Citizens United v. Federal Election Commission [FN2]

“First, it is dubious whether the Constitution even gives Congress power to regulate the source and amount of campaign contributions and expenditures. The background and meaning of the Constitution’s “Time, Place and Manner Clause”—which Congress uses to justify such laws—strongly suggests not.”  Free Speech: Corporate and Anonymous, http://tenthamendmentcenter.com/2012/10/01/free-speech-corporate-and-anonymous/

http://tenthamendmentcenter.com/2012/10/01/free-speech-corporate-and-anonymous/

“A. Reasons for this Inquiry

Citizens United v. Federal Election Commission [FN2] was the latest of several cases [FN3] in

which the Supreme Court has tested federal campaign finance laws against the First Amendment of the United States Constitution. Not discussed in Citizens United, however, is a more fundamental question: Does the Constitution’s scheme of enumerated congressional powers grant Congress power to regulate political *4 campaigns at all? If not, such regulations are, of course, invalid, and it is unnecessary to consider First Amendment issues. [FN4]”  University of Pennsylvania Journal of Constitutional Law”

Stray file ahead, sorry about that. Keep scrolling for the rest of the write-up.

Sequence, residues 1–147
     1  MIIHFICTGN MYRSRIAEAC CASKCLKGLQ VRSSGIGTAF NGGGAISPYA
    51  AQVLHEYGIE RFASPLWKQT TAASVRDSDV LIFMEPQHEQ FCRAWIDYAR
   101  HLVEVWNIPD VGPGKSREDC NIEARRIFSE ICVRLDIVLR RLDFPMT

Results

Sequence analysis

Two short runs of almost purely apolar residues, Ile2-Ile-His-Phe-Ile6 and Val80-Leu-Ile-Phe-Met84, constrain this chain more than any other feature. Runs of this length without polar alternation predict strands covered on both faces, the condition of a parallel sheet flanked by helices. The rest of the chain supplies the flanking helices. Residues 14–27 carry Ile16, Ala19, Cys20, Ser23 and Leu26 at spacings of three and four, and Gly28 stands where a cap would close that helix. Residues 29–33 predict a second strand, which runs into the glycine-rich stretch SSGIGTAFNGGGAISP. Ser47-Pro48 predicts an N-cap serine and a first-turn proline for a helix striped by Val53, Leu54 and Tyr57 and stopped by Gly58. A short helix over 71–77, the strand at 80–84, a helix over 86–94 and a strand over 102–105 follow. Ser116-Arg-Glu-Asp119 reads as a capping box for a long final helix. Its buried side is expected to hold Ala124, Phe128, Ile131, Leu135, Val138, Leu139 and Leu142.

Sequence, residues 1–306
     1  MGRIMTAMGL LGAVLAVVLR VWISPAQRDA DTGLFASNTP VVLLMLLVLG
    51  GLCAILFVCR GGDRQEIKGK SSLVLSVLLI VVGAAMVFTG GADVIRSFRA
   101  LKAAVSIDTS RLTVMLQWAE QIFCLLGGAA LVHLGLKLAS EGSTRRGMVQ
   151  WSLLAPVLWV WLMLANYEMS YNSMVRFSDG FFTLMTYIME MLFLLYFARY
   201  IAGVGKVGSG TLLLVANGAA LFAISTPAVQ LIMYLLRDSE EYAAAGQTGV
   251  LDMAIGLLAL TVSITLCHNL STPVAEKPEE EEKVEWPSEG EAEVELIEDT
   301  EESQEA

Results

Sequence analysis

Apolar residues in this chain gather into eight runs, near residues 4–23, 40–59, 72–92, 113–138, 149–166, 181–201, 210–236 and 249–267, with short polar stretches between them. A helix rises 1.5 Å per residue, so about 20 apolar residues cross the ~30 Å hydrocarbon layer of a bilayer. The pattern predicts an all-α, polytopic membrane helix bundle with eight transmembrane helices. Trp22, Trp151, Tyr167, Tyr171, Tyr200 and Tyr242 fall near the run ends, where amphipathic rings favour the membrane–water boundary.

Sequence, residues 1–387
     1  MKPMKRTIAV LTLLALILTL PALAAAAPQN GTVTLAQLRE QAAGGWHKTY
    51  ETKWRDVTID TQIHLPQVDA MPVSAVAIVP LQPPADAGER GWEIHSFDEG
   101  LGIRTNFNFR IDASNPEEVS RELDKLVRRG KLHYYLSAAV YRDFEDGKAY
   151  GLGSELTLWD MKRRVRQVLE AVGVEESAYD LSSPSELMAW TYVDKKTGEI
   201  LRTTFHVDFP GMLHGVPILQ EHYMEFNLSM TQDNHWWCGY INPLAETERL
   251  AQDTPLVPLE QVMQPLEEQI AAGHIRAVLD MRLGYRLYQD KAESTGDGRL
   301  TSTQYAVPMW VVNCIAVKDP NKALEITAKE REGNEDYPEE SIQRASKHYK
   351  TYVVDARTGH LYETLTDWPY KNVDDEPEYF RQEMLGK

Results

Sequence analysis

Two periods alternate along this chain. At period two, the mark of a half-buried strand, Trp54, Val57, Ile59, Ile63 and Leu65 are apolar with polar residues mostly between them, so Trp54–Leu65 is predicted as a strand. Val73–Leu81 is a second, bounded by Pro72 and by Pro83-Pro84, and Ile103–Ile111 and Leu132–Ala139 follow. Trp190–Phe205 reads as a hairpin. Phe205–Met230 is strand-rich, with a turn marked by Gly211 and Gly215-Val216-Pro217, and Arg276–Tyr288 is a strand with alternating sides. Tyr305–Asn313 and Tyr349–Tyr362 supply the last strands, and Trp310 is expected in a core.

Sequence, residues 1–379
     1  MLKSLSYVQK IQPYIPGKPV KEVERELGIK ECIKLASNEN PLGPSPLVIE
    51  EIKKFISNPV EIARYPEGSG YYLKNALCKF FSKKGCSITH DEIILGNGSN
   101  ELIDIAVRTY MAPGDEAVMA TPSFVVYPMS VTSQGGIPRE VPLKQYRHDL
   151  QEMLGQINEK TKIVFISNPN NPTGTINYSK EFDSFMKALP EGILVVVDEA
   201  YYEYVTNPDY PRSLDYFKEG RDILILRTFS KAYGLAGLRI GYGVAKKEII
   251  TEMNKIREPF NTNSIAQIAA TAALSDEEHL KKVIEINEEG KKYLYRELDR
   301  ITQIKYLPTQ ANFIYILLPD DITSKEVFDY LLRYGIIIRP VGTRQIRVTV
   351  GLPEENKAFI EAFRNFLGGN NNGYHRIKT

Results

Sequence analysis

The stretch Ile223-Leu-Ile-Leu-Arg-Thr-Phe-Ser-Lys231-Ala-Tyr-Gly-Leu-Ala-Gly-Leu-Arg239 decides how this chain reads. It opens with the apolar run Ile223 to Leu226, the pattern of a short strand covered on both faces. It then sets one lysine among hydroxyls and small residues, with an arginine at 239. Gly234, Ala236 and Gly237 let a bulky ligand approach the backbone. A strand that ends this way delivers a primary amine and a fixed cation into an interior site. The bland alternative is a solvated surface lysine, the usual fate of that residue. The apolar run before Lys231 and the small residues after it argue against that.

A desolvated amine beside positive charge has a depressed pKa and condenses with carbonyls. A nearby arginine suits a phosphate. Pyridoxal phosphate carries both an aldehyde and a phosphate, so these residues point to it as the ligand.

November, 2010  Articles:

*1 THE ORIGINAL SCOPE OF THE CONGRESSIONAL POWER TO REGULATE ELECTIONS

Robert G. Natelson [FNa1]

http://tenthamendmentcenter.com/2012/10/01/free-speech-corporate-and-anonymous/

http://tenthamendmentcenter.com/2012/10/01/free-speech-corporate-and-anonymous/

Nullify the 14th Amendment and this nightmare will disappear.  The unlawful 14th Amendment, never ratified according to Article V of the Constitution is being interpreted by the left that a corporation is a person.

The 1st Amendment was written to give protection to “State Citizens” of their respective state.  “State Citizens “ was and is a real life, living and breathing individual.  The unlawful 14th Amendment created a corporate person known as a “US citizen.”   “State Citizens have been tricked into being a “US citizen,” a corporate person.  See apenstale.wordpress.com

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